All seven crew members safely made their way out of the vessel, which crashed around 8:30 a.m. at the Andersen Air Force Base in the village of Yigo, the base said in a statement. The crew members were a part of the 69th Expeditionary Bomb Squadron and were taking part in a routine training mission when the incident occurred. The B-52H Stratofortress is a long-range heavy bomber that for more than 40 years has been "the backbone of the manned strategic bomber force in the United States," according to the Air Force's website.
NEW YORK (AP) — A man became belligerent as he tried to buy beer at a grocery store in the city's Theater District on Wednesday, pulled out an 8-inch knife that he refused to drop and was shot to death by police on a busy tourist-filled street, authorities said.
LOS ANGELES (AP) — Mark Zuckerberg on Wednesday held a wide-ranging discussion with a group of conservative commentators who said afterward the Facebook CEO acknowledged the giant social network has a problem reaching conservatives.
Struggling to avoid a split over gay rights, the top policy-making body of the United Methodist Church on Wednesday narrowly approved a full review of all church law on sexuality, amid an emotional meeting roiled by talk of schism.
By Gina Cherelus NEW YORK (Reuters) - A conversation conducted using sticky Post-it notes on the windows of two offices in Lower Manhattan has delighted passersby and drawn a number of neighboring advertising agencies to join what is now a highly contested art battle. It all began when employees at one firm, Havas Media, replied to an anonymous "HI" message that was left across from its office building on Canal Street. "It's kind of just ballooned organically and become something that no one's quite controlling and you don't know where it's going next," said Greg James, chief strategy development officer for Havas Media, a unit of French advertising and communications group Havas SA. After the Havas team replied with its own "SUP," the fight began.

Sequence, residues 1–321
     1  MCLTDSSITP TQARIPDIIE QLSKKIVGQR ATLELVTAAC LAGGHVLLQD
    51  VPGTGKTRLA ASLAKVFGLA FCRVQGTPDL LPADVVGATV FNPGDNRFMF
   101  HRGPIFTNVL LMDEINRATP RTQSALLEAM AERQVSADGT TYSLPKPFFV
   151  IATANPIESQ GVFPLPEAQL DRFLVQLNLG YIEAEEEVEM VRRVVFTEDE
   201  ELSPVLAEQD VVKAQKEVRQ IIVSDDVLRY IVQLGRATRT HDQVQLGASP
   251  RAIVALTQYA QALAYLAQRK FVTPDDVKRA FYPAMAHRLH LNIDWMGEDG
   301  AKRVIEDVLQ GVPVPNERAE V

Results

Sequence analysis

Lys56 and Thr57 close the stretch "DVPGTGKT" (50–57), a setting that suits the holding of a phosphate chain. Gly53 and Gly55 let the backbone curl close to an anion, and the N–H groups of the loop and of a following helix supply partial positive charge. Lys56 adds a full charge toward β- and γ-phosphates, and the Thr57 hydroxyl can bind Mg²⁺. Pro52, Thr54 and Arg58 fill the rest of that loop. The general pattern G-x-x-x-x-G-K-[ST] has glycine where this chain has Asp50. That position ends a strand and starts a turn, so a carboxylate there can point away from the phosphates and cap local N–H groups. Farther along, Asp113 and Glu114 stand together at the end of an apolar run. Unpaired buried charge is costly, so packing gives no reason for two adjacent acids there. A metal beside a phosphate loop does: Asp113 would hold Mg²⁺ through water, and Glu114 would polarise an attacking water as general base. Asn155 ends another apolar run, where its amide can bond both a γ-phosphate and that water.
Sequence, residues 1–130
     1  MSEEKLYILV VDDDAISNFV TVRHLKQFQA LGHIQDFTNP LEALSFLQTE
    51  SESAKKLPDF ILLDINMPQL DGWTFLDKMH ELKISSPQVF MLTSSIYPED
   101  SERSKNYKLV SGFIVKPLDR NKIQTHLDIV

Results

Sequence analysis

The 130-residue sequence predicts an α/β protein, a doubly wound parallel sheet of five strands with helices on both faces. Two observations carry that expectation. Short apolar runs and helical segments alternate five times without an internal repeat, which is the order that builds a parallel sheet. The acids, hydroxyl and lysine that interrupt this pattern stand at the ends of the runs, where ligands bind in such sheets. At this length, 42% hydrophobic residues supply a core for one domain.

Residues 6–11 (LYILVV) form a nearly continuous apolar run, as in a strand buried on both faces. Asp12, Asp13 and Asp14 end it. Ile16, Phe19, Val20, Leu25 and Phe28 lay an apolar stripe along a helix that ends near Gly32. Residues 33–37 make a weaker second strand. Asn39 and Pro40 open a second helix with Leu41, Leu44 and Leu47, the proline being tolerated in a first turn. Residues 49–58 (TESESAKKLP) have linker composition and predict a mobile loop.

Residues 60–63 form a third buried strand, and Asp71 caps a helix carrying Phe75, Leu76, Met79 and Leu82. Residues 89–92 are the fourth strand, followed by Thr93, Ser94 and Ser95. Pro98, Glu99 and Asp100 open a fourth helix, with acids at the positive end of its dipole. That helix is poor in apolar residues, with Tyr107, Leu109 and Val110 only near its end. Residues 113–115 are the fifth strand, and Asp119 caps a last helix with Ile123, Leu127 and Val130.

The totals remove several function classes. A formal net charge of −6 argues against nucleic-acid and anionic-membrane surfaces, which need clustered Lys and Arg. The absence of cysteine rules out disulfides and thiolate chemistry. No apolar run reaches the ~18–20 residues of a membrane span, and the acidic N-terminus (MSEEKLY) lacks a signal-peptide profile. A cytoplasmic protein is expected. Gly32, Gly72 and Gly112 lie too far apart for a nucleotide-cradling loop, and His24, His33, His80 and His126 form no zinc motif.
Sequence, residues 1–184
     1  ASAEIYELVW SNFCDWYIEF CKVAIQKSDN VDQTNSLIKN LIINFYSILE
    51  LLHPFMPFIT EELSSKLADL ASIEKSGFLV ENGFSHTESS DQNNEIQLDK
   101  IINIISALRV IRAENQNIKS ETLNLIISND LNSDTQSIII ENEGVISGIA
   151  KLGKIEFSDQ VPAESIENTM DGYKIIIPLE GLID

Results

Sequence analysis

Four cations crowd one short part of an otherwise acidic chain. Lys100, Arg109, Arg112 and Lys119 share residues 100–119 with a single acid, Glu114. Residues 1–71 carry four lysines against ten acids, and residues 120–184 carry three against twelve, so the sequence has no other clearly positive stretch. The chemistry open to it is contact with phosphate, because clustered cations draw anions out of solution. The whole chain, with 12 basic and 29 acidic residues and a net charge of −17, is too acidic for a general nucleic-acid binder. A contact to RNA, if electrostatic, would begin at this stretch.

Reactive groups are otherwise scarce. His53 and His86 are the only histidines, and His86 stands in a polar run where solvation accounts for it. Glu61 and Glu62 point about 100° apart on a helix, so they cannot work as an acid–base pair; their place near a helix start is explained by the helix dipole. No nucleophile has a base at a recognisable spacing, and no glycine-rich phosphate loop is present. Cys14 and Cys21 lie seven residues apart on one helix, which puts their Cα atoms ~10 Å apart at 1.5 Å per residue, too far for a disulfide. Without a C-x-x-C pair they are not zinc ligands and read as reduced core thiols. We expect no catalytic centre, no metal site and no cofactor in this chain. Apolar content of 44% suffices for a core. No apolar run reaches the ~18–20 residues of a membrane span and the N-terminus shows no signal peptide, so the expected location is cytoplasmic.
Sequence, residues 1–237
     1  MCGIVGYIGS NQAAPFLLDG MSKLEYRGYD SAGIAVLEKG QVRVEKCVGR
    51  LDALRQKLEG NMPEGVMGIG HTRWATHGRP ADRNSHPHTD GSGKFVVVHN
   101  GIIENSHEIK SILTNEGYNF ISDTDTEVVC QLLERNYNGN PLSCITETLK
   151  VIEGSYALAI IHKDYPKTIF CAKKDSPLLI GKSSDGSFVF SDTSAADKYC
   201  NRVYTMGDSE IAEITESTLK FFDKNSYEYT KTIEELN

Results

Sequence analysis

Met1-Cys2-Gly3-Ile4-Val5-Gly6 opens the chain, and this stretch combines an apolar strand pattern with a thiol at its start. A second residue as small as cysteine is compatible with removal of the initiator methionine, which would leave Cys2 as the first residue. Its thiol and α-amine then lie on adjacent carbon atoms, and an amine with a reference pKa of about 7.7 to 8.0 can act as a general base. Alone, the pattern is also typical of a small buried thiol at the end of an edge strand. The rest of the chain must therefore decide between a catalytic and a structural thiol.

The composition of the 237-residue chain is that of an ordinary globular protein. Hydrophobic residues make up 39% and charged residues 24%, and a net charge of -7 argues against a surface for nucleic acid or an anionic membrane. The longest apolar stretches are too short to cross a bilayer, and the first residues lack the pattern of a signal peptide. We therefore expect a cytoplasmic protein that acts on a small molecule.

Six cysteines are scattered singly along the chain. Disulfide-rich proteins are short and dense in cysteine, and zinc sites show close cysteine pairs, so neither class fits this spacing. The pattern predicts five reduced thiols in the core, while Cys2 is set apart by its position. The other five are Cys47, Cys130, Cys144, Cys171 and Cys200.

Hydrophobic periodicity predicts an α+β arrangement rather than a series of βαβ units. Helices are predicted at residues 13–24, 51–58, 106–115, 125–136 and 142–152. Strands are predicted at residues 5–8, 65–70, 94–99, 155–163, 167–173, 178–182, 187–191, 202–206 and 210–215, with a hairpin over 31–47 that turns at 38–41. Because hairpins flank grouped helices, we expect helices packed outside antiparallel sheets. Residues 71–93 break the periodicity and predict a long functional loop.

By Sharon Bernstein SACRAMENTO, Calif. (Reuters) - California moved on Wednesday to dramatically roll back strict mandatory water conservation rules imposed at the height of the state's multi-year drought, after a wet winter eased conditions in parts of the state. The state Water Resources Control Board voted to end mandatory conservation of up to 36 percent in many communities, moving instead to a system under which only regions where a shortage of supply is anticipated will have to conserve. "We don’t want to cry wolf but we also don’t want to stick our heads in the sand," said water board chair Felicia Marcus.
FRESNO, Calif. (AP) — California decided Wednesday to allow hundreds of local water districts to set their own conservation goals after a wet winter eased the five-year drought in some parts of the state.